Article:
I am reading Renn’s book and listening to his online content, but this doesn’t sound like anything I’ve picked up on in his writing. I hope he isn’t of the same POV as these gentlemen, because this sounds like pure nonsense.

    1. It’s far easier to faithfully follow Christ in a nation that is also faithful. Is being a Christian easier in 1800s America or in ancient Rome? Clearly, it is easier in 1800s America. Now, is it easier in the modern US, or in 1800s US?

      Not everyone is spiritually strong enough to withstand the temptations of the world. If we have the ability to remove those stumbling blocks and don’t, are we not sinning against our brethren?

      1. Dylan,
        We have responsibilities in sharing the Gospel, but we have no control over who believes. And so we can’t make a nation faithful to Christ. Imposing Church laws, such as the 10 Commandments does make a nation faithful to Christ. Remember that the New Testament says that without faith, no one can please God.

        In addition, are we to try to make the nation faithful so it is easier for us to remain faithful?

        I think that it would be better to follow what Jesus said about how we are to relate to unbelievers and to follow the words of and the examples set by the Apostles than to try to make a nation faithful to Christ. Remember that in the New Testament, there is no covenant nation. Instead, God’s covenant people consists of the Church. And the Church consists of people from all different races and nations. Our job is to establish place in each nation from which to preach and teach God’s Word. Our job isn’t to conquer each nation for Christ. For with which each nation we try to conquer, we establish stumbling blocks to the listening to the Gospel for unbelievers who observe us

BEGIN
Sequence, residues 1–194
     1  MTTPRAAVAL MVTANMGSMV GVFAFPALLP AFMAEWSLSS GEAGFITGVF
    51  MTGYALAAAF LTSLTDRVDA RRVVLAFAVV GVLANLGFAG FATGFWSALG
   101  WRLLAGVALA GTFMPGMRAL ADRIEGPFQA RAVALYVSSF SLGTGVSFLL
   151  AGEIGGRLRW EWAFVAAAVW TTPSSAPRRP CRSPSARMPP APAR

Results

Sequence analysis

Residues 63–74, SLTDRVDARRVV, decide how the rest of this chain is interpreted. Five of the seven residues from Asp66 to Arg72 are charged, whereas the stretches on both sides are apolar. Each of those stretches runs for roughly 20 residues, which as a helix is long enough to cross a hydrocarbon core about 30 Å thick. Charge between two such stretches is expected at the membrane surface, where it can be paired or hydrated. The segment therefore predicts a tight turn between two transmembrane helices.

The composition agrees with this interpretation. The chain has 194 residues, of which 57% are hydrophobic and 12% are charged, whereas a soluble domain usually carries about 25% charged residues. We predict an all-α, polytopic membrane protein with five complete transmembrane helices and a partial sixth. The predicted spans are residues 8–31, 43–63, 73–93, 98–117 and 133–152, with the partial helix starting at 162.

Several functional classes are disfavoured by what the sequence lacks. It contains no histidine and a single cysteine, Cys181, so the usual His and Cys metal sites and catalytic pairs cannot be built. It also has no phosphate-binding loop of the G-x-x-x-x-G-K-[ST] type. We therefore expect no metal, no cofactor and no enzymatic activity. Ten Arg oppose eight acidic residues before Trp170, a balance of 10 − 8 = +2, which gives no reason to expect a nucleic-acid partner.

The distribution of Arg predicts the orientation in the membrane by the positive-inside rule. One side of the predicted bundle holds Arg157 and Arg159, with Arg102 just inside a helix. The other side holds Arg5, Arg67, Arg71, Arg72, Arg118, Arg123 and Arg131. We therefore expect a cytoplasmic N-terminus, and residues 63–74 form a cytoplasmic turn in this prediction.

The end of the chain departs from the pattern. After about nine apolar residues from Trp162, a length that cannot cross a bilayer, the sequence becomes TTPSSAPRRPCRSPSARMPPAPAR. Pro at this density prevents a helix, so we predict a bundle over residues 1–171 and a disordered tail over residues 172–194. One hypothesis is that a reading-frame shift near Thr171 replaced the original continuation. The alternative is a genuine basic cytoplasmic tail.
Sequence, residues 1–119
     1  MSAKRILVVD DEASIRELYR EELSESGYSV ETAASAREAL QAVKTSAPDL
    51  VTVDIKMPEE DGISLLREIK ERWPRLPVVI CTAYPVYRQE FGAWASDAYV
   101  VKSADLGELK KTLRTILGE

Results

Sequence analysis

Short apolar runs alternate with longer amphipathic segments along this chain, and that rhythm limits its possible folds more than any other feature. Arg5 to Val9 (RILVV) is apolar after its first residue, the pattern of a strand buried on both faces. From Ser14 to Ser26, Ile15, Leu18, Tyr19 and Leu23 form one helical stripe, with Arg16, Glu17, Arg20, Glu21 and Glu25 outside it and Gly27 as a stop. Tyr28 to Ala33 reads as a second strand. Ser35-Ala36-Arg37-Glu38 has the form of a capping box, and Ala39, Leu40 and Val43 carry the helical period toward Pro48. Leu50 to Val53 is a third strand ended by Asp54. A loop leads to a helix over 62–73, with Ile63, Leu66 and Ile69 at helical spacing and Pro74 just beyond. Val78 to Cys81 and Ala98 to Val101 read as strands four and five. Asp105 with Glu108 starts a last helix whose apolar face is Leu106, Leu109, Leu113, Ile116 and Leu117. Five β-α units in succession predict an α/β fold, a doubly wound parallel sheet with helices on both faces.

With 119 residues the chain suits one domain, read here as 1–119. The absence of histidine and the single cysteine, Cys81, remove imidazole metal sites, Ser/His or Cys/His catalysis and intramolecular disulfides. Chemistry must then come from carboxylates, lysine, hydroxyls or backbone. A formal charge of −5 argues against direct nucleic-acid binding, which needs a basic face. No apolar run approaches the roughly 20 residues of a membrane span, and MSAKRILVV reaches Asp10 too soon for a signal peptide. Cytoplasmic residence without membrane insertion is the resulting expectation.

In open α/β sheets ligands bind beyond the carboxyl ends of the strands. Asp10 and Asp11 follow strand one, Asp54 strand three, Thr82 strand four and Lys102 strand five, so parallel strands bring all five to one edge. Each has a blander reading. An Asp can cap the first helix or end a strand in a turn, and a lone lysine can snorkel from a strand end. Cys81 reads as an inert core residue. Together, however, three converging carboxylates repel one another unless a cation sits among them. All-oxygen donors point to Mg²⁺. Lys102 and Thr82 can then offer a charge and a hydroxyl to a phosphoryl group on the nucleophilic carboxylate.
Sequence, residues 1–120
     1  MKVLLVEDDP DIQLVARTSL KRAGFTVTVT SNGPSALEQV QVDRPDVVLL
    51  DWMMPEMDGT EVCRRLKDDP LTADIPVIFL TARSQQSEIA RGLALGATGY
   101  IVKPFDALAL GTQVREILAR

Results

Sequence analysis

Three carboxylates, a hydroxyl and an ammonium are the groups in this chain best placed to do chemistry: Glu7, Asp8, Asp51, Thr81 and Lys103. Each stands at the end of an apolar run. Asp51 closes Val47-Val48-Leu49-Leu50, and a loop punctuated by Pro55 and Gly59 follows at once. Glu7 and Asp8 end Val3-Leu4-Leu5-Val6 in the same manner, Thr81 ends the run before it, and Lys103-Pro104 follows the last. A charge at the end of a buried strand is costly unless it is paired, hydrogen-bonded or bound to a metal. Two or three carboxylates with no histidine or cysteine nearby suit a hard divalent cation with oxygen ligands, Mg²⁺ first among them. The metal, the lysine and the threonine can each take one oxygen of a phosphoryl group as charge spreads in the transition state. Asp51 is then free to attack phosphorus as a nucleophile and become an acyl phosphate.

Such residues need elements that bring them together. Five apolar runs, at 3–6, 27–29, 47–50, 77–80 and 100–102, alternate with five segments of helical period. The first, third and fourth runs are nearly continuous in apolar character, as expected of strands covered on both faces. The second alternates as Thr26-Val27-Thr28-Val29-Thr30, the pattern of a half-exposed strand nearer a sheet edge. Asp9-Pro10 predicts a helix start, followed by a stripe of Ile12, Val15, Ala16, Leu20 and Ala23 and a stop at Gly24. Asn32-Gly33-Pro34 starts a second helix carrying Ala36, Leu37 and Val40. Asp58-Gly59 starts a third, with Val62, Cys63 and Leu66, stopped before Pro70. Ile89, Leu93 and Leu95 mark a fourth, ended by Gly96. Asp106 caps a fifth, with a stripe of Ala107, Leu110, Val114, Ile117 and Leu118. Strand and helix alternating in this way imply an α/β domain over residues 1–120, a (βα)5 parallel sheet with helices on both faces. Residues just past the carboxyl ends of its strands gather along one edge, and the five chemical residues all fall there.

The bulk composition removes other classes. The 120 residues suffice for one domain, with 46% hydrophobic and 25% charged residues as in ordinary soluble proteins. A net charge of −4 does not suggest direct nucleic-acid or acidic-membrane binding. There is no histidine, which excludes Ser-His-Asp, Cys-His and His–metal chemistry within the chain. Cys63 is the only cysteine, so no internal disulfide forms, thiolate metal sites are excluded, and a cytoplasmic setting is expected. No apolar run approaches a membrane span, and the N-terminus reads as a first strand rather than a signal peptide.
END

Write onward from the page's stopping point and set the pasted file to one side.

2. Jill,
      Having read Renn’s latest article posted on this site I have to agree with your comparison of the above article with what Renn has been saying.

  3. This is truly an excellent, energizing piece of work. Let’s put our hands to the sword and the plough, well done!